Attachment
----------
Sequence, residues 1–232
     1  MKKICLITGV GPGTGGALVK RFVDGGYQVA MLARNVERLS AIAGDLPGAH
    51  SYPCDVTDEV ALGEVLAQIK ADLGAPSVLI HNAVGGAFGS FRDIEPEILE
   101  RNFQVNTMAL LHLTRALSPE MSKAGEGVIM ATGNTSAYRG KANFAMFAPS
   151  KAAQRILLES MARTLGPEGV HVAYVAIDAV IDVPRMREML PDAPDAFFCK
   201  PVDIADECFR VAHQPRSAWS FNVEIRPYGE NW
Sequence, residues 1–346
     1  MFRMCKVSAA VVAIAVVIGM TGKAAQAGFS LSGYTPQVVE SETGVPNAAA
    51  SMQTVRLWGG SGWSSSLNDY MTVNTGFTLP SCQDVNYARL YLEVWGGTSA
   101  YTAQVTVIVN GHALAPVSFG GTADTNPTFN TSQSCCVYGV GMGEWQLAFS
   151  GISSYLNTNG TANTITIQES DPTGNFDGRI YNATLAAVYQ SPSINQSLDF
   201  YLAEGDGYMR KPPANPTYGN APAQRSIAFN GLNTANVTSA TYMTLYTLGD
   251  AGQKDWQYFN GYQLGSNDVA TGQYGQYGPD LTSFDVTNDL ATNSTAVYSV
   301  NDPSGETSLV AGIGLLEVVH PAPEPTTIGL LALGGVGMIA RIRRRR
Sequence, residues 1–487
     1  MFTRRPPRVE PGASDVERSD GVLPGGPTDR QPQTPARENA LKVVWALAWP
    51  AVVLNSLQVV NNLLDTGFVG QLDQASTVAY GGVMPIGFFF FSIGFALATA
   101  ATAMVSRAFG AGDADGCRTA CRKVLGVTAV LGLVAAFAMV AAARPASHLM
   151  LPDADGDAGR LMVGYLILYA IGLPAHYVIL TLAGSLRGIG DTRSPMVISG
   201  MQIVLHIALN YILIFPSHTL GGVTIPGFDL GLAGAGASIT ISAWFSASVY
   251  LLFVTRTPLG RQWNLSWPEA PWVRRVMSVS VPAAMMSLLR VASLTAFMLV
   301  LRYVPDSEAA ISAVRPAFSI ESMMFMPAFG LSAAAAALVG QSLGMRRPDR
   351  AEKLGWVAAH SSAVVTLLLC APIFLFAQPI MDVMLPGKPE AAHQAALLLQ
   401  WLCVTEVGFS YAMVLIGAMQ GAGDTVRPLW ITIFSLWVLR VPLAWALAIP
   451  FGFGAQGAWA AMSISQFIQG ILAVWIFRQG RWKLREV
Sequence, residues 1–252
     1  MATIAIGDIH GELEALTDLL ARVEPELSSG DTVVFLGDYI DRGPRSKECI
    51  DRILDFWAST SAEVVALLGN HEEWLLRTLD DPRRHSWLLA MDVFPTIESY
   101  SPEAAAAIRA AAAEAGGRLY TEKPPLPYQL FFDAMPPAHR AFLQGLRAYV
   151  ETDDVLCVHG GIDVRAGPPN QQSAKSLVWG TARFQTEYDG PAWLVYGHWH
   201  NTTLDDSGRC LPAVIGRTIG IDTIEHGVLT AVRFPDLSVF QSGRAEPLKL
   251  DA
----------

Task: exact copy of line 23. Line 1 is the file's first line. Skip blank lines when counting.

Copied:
   351  AEKLGWVAAH SSAVVTLLLC APIFLFAQPI MDVMLPGKPE AAHQAALLLQ